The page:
Anatomy of a Sting – Part I

by

Nick

 

Editor’s note: This comprehensive account describes the prodigious effort it took to set up relations with a large-scale exotic pet trafficker based in Southeast Asia and pull off a sting operation. Exoticpet88, the name of an Instagram account, was reputedly run by a kingpin animal trafficker named Joe. The account advertised a wide range of wildlife species for sale, with most of the animals or birds being captured in the wild. Exoticpet88 operated a farm on the outskirts of Jakarta, Indonesia, where it held the animals before shipment. The network was made up of field wildlife collectors in Southeast Asia and wildlife suppliers further afield in Africa and Latin America, inferred from the species seen in online posts. They had particularly strong connections with traders and buyers in the Middle East and South Asia.

It took 5 months of effort, with dead-ends, stops and starts, shifts in undercover identities, and great persistence to finally lay a trap aimed at catching the head of the Exoticpet88 network in the act of illegally selling two infant orangutans. The undercover investigator used various aliases and this narrative describes how others assisted in the operation. The investigator last used the alias Nick and this is his story.

PART I – David and Joe

I first heard of Exoticpet88 in late December, 2015, when Patricia emailed me with a screenshot of his Instagram account as it appeared on a mobile phone. She wrote, “Instagram account exoticpet88 … is apparently a man who calls himself Joy [sic] in Thailand. He exports all kinds of animals to the Arab countries via the Oman airport. He sends gibbons with dogs in crates, so the dogs’ barking veil the gibbons. He is one of many Thai dealers, I’m told, that do the same. They take animals from all over Southeast Asia (gibbons, lorises, orangs, etc.). He even has a picture of a clouded leopard on the attached image.”

 

I first met Patricia Tricorache of the Cheetah Conservation Fund electronically in June, 2015, when she emailed me out of the blue asking if I knew anything about cheetah cub capture and trafficking from the Horn of Africa. I said I didn’t, but that I’d seen quite a few posts on social media of cheetahs either being offered for sale or being flaunted by proud owners, mainly in the Gulf. Since we were both engaged in investigating illegal wildlife trade, me with great apes and her with cheetahs, we agreed to collaborate. Soon after that, she began sharing with me a very large collection of material that she had amassed from years of work. I had only started looking at Facebook and Instagram accounts in March of that year, so Patricia’s information provided me with a huge boost.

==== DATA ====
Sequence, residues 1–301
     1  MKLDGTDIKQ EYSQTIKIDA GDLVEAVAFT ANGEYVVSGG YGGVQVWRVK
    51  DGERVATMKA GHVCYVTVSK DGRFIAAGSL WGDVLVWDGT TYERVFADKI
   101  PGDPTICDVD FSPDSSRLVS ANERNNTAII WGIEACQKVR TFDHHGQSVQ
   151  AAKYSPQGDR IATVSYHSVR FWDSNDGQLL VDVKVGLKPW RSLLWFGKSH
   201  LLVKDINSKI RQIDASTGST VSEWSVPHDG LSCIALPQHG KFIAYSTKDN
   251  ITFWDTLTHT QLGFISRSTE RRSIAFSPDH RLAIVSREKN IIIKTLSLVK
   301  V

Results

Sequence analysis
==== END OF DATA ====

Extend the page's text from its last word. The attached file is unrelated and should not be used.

I reciprocated by sending her the account links of cheetahs I came across, after checking first with her Excel spreadsheet that listed those she had already found. We soon had an active exchange system running, demonstrating the truth of the adage that ‘two heads are better than one’.

Over time I developed my methodology of how I would find new traffickers, figure out who was linked with whom, who was a dealer, who an exotic pet owner (i.e. buyer), who was both, and discerning the networks of suppliers, middlemen, clients and those who collaborated closely with one another. It took a while to determine the composition of the interlinked wildlife trafficking networks based in South, Central and Southeast Asia, the Middle East and Africa. Americans, Europeans and Hong Kong Chinese also appeared in the exchanges, but not mainland Chinese. I thought this odd, until I discovered that China does not allow Facebook or Instagram to operate. Chinese use mainly Weibo, Alibaba, Taobao (owned by Alibaba) and WeChat to conduct the trafficking business.

The way I recorded the information I found online also evolved over time. After about a year I had down pat how I would crop the screen grab to include the photo, the name of the account, any important comments on it (which might mean more than one screenshot if I had to scroll down) and the date. I would label the screenshot in a numbered sequence with the date of the post DD/MM/YR. I downloaded mainly great ape posts, but I also started collecting information including contact emails and mobile/WhatsApp numbers, other social media accounts, posts of financial transactions (some of the traffickers actually posted bank transfer and deposit documents), visits to other countries, group photos, Friends and Followers of interest, and any other photos that might provide useful information about activities, identities and locations. I discovered that re-posts of the same animal photo on different accounts was fairly common, which created problems for identifying who made the original post and when it was made. Some ‘for sale’ advertisement posts were also deleted after a sale was made, creating more difficulties in recording everything that was going on, as I must have missed many of those. I made up a couple of Excel databases, one with the names and data by country, the other with the names and numbers of each species seen to get a count.

The work was extremely time-consuming and as the number of persons-of-interest (POI) increased, it became progressively more difficult to monitor all of the existing POIs and add new ones. Some of the POIs had multiple Facebook (FB) and/or Instagram (IG) accounts in different names, and determining that took time. Accounts would also close from time to time, I was never certain of the reason, and sometimes I could find a new one pop up owned by the same POI as a recently closed account.

Back to Exoticpet88